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I have been posting this kind of question in Cross Validated, but since this one deals almost entirely with mathematics, I will post it here.

In signal reconstruction using compressed sensing, we want to sample a signal $f$ in order to obtain a smaller (compressed) signal $b$:

$$b = \phi f$$

However, $f$ can also be expressed by a linear combination of basis functions $\Psi$ and its coefficients $c$:

$$f = \Psi c$$

So the first equation and second equation together produce:

$$b = \phi \Psi c$$

Furthermore, we also want to promote the sparsity of $c$. This is done by solving the following optimization problem:

$$\text{min } ||c||_{l_{1}} \text{ subject to } b = \phi \Psi c$$

where $||c||_{l_{1}}$ is the $l_{1}$-norm.

I think I understand this part but I'd like to know more about the bases $\Psi$. How are they chosen? How are they implemented in an algorithm? Right now I'm trying to understand a couple of examples that use the following $\Psi$ and $\Phi$:

1.

D=dct(eye(n,n)); % \Psi
A=D(perm,:); % \Phi \Psi

where dct is the discrete cosine transform, n is the dimension of the original signal and perm are the first numbers of a list of randomly generated numbers:

r1 = permutation(arange(1, n))
perm = r1[0:m]

2.

Atest = zeros((nx, ny)).reshape(1, nx*ny)
Adelta = zeros((k, nx*ny))
for i, j in enumerate(r1k):
    Atest[0,j] = 1
    Adelta[i, :] = dct(Atest)
    Atest[0, j] = 0

here nx and ny are the dimensions of the original signal, r1k is also permutation (similar to perm). Adelta is produced by choosing a point in a matrix Atest, transform it using dct and adding the result as a row in matrix Atest.

In these pieces of code, I know A and Adelta represent $\Phi \Psi$ but I don't really understand why. I'd appreciate a few comments about this.

By the way, if you want to take a look at the full example, here is one using MATLAB and this one in Python. This example is also related to my other question in Cross Validated, so if you want to contribute to that also, you are more than welcome, although it deals with an implementation issue which may not be interesting enough.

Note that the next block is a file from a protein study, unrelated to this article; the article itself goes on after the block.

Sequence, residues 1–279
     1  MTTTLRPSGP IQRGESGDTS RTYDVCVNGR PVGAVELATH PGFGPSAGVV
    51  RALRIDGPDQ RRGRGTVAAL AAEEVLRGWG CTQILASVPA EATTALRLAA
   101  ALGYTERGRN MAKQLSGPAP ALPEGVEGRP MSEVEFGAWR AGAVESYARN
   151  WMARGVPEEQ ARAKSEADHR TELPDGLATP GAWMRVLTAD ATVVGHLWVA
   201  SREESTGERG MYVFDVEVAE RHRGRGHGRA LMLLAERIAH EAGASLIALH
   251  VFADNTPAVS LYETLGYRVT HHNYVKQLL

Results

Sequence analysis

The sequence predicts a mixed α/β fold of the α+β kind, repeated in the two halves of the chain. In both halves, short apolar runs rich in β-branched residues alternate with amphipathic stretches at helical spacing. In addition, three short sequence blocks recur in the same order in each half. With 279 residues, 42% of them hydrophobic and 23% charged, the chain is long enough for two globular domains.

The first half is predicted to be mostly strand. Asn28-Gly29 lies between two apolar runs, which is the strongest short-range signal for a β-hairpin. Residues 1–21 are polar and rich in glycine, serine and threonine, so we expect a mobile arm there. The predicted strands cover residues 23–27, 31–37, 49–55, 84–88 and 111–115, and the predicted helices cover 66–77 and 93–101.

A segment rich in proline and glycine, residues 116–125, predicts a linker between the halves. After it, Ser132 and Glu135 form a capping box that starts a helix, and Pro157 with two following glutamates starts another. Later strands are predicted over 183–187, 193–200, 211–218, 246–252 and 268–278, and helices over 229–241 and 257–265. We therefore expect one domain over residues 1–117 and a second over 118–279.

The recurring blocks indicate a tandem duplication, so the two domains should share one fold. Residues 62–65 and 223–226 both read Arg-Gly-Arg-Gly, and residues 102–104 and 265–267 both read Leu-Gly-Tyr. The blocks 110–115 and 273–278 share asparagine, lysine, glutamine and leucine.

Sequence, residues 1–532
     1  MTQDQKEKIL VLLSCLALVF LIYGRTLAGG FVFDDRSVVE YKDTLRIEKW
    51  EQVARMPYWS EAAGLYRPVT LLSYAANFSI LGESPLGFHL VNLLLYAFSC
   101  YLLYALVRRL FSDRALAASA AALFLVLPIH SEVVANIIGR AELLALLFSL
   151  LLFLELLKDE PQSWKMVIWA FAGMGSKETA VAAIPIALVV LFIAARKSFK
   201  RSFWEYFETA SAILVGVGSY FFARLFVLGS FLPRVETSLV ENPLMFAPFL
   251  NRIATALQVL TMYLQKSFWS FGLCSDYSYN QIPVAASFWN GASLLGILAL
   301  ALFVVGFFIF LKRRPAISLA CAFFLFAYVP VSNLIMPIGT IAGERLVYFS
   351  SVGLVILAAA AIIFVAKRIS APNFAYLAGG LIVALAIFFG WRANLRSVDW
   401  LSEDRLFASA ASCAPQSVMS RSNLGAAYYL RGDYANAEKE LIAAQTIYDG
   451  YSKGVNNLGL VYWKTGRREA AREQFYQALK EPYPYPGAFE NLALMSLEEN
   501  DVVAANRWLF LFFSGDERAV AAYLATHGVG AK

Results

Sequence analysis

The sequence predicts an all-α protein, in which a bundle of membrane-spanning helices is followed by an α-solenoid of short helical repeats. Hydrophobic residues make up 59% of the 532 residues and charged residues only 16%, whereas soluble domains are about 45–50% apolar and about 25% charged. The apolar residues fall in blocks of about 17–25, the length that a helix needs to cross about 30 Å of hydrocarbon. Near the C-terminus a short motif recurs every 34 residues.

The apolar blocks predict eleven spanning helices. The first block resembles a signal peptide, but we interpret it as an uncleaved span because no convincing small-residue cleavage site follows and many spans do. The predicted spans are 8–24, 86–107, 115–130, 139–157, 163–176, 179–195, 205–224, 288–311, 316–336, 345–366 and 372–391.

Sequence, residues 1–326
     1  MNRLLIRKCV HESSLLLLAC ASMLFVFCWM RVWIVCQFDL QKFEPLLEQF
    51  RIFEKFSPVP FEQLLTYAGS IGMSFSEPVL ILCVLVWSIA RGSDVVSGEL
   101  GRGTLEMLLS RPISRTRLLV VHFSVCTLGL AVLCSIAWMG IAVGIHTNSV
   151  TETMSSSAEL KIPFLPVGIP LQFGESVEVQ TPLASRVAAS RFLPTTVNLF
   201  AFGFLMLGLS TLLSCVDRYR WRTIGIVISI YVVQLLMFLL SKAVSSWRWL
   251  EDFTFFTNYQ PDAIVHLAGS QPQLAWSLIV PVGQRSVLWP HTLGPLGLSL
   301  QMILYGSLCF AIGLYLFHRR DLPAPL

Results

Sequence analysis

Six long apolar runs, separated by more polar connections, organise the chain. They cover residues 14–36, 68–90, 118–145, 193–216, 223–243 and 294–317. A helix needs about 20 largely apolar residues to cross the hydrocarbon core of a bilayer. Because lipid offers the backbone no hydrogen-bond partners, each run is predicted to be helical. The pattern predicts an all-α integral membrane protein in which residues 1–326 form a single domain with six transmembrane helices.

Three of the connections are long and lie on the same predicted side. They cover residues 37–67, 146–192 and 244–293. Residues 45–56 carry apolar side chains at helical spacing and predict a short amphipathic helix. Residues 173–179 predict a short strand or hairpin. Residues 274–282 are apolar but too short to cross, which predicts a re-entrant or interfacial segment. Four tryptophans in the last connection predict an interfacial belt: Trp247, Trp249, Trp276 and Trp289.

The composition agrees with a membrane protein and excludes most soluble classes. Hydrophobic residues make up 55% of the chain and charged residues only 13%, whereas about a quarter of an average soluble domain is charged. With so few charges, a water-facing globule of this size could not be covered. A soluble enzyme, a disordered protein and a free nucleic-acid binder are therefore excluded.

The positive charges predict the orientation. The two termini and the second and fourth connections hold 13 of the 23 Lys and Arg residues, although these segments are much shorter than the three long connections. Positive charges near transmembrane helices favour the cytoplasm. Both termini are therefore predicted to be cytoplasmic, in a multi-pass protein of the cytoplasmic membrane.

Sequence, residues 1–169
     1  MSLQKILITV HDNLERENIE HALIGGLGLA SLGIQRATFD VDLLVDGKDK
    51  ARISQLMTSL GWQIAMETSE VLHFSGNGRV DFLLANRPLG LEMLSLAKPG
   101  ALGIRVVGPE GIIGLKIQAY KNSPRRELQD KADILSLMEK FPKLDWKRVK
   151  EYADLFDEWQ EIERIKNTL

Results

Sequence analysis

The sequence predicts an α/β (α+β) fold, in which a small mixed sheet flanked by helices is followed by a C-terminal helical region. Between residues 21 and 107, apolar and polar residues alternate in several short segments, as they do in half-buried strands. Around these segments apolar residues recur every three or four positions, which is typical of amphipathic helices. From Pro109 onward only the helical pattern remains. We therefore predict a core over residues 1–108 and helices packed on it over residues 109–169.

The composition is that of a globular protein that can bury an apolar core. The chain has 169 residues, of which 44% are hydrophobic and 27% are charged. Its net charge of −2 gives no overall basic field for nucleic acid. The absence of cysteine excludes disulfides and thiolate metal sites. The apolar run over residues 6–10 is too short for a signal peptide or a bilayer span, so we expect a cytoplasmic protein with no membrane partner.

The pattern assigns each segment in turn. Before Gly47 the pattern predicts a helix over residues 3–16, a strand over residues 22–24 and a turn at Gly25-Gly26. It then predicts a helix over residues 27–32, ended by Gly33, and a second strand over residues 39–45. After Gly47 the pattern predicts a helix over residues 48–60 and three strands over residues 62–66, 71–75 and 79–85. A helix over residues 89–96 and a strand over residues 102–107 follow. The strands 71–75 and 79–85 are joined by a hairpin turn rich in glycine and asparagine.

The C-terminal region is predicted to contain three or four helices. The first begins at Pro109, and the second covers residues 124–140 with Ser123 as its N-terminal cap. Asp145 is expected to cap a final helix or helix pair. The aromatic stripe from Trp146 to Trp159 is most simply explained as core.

UPDATE:

An additional question: How should we deal with the actual reconstruction. According to the second equations $f = \Psi c$, once we know $c$, an approximation of $f$ is found simply by calculating $\Psi c$. However, what I see in practice is actually the direct application of a DCT to the coefficients $c$. Why?

Thanks

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  • $\begingroup$ For part 1 above, $D$ is $\Psi$ and $A$ is $\Phi \Psi$. The value of $\Phi$ is implied by the selection of the random rows of $D$, so it's really just a row-selection matrix. For instance, if perm(1)=13, then the first row of $\Phi$ is all zeros except with a 1 in column 13. Likewise, if perm(2)=47, then the second row of $\Phi$ is all zeros except a 1 in column 47. Does this answer your question? $\endgroup$ – AnonSubmitter85 Jun 23 '13 at 0:51
  • $\begingroup$ Actually, it's the rows that you're selecting based on perm. I think you're also missing the dct function that is being applied on the rows before such selection takes place. $\endgroup$ – Robert Smith Jun 23 '13 at 2:35
  • $\begingroup$ I understand that perm is selecting rows, that's why it implies that $\Phi$ is a row-selection matrix. As for the DCT function, taking the DCT of an identity matrix is just an east way to create the DCT matrix. The following are equivalent: dct(X) == dct(eye(size(X))) * X. $\endgroup$ – AnonSubmitter85 Jun 23 '13 at 2:40
  • $\begingroup$ Are you confused about what A represents? If so, in the first case, it simply represents the values of the DCT that you have available, that is, your incomplete information from which you are going to reconstruct the entire signal. The DCT is a linear operator and as such has a matrix representation, thus, the line D = dct(eye(n,n)) is simply creating the matrix representation of the DCT. Removing rows from D is the same thing as removing values from the DCT of the signal. Thus, A * x is equal to values of dct(x) at the indices in perm. $\endgroup$ – AnonSubmitter85 Jun 23 '13 at 2:50
  • $\begingroup$ I don't think I'm confused about $A$. It is mostly "How are $\Psi$ and $\Phi$ chosen?" and "How are they implemented in an algorithm?" The second one might not be a good fit for this site, though. $\endgroup$ – Robert Smith Jun 23 '13 at 3:25